PN Review Print and Online Poetry Magazine
Most Read... Rebecca WattsThe Cult of the Noble Amateur
(PN Review 239)
Mark FordLetters And So It Goes
Letters from Young Mr Grace
(aka John Ashbery)

(PN Review 239)
Kei Millerthe Fat Black Woman
In Praise of the Fat Black Woman & Volume

(PN Review 241)
Henry Kingon Toby Martinez de las Rivas
(PN Review 244)
Eavan BolandA Lyric Voice at Bay
(PN Review 121)
Vahni CapildeoOn Judging Prizes, & Reading More than Six Really Good Books
(PN Review 237)
Next Issue Jen Schmitt on Ekphrasis Rachel Hadas on Text and Pandemic Kirsty Gunn Essaying two Jee Leong Koh Palinodes in the Voice of my Dead Father Maureen Mclane Correspondent Breeze
Poems Articles Interviews Reports Reviews Contributors
PNR 250 Poetry Archive Banner
Monthly Carcanet Books
PN Review Blog

This review is taken from PN Review 83, Volume 18 Number 3, January - February 1992.

CROW-LIKE OR KEATS' LIKE? Barry Webb: Edmund Blunden: a Biography (Yale University Press) £18.50

What an anachronistic figure Edmund Blunden seems, and as Barry Webb makes clear in his sympathetic biography, Blunden himself was painfully aware of the anachronism: 'Why slept I not in Flanders clay / With all the murdered men?' The guilt of the survivor speaks there. In a sense, Blunden was always looking back: to his childhood in Kent, and all the intimate knowledge of the rural year it provided; to his schooling at Christ's Hospital, where he was introduced to some of the poets and essayists of the 18th and 19th centuries who became an abiding interest; above all, to the First World War. Of British soldier-writers, only David Jones spent as long in the trenches. Those three and a half years never ceased to haunt him, and keeping his comrades' memory alive was, as Webb says, 'a life-long trust'.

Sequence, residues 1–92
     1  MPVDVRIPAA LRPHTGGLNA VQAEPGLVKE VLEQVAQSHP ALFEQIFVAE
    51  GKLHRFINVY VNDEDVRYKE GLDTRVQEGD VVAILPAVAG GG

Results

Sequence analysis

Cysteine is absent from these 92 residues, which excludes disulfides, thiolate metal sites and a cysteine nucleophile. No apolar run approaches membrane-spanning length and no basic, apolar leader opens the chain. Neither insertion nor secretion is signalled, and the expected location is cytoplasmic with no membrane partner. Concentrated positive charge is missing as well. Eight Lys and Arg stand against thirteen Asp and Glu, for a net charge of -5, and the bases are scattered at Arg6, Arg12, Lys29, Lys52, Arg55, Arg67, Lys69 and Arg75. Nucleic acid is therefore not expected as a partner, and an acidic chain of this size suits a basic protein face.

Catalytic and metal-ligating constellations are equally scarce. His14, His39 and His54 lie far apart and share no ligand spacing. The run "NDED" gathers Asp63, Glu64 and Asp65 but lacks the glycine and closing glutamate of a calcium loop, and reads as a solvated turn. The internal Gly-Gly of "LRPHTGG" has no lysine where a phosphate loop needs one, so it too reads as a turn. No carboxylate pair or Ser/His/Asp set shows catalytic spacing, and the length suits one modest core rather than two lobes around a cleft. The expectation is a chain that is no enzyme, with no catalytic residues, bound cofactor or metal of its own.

This devotion was paralleled in Blunden's patient promotion of the work of then unfashionable poets such as John Clare and Ivor Gurney, his edition of Wilfred Owen's work bringing together the two causes of war and poetry. Such qualities of nostalgia, piety, melancholy and reverie - all present in his own poetry - suggest a fairly solitary, book-laden existence in some country cottage, with the one violent interruption of the war. The biography includes a chapter on cricket - about which Blunden was passionate, but a chapter is too much; and a pleasant chapter on his book-collecting - he died in possession of ten thousand volumes, carefully ...


Searching, please wait... animated waiting image